"My initial reaction is that healthcare decisions, such as which insulin pump to use, should not be made outside of the doctor/patient relationship," - Scott Johnson
We have seen that disruption to access to testing supplies in an attempt to reduce supply costs, resulted in increased hospitalization, costs, and mortality.

Diabetes is complex. It is highly dependent on patient self-care.

There are 30 million or so people with diabetes in the US. It is a safe bet we have different approaches to succeeding in the blue space on Manny’s chart. Long-term diabetes costs are contained by what happens in that blue space. 

The best practice is individualized diabetes care programs. The appropriate device may vary.

You Diabetes May Vary - So Will Your Care Program and Your Diabetes Stuff. 

Access matters for long-term success.

Related (and ancient) YDMV  Content:

April 5, 2016


First, there was a poster at ADA last June. Then a white paper and now a peer-reviewed article in Diabetes Care, ADA's journal. 

The evidence is clear. Medicare's program to save money on test diabetes strips cost more in hospital care than it saved and increased mortality.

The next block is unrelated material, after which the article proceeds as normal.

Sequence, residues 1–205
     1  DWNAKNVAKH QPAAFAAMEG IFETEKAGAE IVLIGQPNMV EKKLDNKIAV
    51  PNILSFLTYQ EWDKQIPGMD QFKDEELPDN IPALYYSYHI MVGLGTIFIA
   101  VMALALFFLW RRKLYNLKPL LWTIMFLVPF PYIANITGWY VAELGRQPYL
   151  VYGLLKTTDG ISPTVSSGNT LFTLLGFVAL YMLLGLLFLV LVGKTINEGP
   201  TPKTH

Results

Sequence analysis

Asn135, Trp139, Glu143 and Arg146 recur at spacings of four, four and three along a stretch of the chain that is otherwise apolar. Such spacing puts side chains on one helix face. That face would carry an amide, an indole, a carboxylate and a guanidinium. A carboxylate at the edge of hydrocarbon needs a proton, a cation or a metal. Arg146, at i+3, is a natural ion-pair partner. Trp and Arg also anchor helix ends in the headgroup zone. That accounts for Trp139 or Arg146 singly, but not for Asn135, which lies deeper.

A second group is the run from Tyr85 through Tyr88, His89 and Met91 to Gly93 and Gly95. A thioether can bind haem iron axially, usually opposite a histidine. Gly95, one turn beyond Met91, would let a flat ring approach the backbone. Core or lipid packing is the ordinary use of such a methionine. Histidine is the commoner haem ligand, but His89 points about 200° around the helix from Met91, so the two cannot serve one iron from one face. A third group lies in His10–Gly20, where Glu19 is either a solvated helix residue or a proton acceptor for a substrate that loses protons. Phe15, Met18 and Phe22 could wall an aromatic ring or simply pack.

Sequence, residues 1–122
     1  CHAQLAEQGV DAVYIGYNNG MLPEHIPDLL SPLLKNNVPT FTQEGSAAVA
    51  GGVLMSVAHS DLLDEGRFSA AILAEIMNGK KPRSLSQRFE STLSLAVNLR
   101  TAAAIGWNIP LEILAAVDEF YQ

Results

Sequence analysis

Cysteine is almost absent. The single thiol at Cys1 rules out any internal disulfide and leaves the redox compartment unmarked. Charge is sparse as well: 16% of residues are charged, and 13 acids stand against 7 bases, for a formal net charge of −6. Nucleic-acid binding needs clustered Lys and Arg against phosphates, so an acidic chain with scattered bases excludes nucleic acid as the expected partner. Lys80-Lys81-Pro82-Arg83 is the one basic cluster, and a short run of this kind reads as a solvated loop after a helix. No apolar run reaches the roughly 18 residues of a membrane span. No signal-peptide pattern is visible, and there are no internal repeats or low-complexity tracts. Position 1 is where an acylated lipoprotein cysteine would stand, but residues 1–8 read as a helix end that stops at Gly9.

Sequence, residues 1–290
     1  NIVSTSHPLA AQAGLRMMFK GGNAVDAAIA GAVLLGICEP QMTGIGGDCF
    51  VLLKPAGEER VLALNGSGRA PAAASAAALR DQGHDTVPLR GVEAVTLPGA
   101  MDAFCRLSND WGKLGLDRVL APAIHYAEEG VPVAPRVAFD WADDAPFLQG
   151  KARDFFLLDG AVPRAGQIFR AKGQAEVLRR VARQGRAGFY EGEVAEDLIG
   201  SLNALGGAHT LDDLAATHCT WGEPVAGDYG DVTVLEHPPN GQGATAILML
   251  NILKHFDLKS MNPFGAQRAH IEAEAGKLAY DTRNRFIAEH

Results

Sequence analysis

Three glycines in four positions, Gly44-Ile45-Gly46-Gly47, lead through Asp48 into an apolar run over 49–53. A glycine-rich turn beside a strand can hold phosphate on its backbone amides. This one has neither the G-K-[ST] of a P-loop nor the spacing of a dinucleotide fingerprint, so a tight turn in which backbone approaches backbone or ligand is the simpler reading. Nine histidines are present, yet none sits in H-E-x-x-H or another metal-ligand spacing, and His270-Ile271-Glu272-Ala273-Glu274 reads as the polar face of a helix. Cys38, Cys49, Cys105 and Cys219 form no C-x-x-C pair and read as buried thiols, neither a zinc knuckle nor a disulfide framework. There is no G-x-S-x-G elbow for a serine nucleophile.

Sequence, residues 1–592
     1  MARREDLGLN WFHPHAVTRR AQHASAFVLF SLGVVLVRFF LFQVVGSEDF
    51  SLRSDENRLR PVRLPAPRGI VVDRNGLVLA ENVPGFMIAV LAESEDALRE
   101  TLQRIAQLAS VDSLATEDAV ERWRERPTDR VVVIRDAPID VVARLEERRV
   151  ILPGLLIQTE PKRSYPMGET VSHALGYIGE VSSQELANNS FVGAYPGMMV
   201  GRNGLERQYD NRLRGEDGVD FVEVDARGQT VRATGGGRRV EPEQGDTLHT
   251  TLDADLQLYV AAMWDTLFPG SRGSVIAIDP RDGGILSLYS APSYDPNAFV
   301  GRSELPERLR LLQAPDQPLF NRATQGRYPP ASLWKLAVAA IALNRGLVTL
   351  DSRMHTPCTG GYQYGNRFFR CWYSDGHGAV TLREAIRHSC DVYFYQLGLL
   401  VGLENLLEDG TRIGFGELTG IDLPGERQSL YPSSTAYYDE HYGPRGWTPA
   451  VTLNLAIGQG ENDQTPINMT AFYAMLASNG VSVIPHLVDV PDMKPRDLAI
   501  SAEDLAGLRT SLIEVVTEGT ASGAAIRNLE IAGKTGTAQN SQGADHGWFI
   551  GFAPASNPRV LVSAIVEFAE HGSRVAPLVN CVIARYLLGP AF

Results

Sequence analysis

Previously on YDMV:

March 18, 2016

Getting Off the Harm Merrygoround

Here we go again. I have written about harm from bidding before. It just got kicked up a notch. 

Today the Journal Diabetes Care has an article on Medicare Bidding in the online preview of the April edition. What 8 months ago was a poster has been peer-reviewed and published in a premier diabetes medical journal. 

The paper builds on the Government Accountability Office (GAO) concerns on the safety monitoring of the Competitive Bidding Program.

Meanwhile, Medicare says the program is great, no harm, no foul, and they don't hear any complaints. Oh yeah, and they are going to put beneficiaries through a new round of disruption starting in July.  

Let's NOT do that. 

February 29, 2016

HELP I Need Somebody. (In the Next Ten Days)!_(film)

In HELP, the Beatles protect Ringo from an evil cult. 

Solid plan. 

People with diabetes could use some protecting.

I am not, exactly, suggesting the Senate are an evil cult, but people with diabetes could use the Senate's HELP

Can you find two minutes, in the next ten days, to ask the Senate HELP Committee (Health, Education, Labor, and Pensions) to consider diabetes?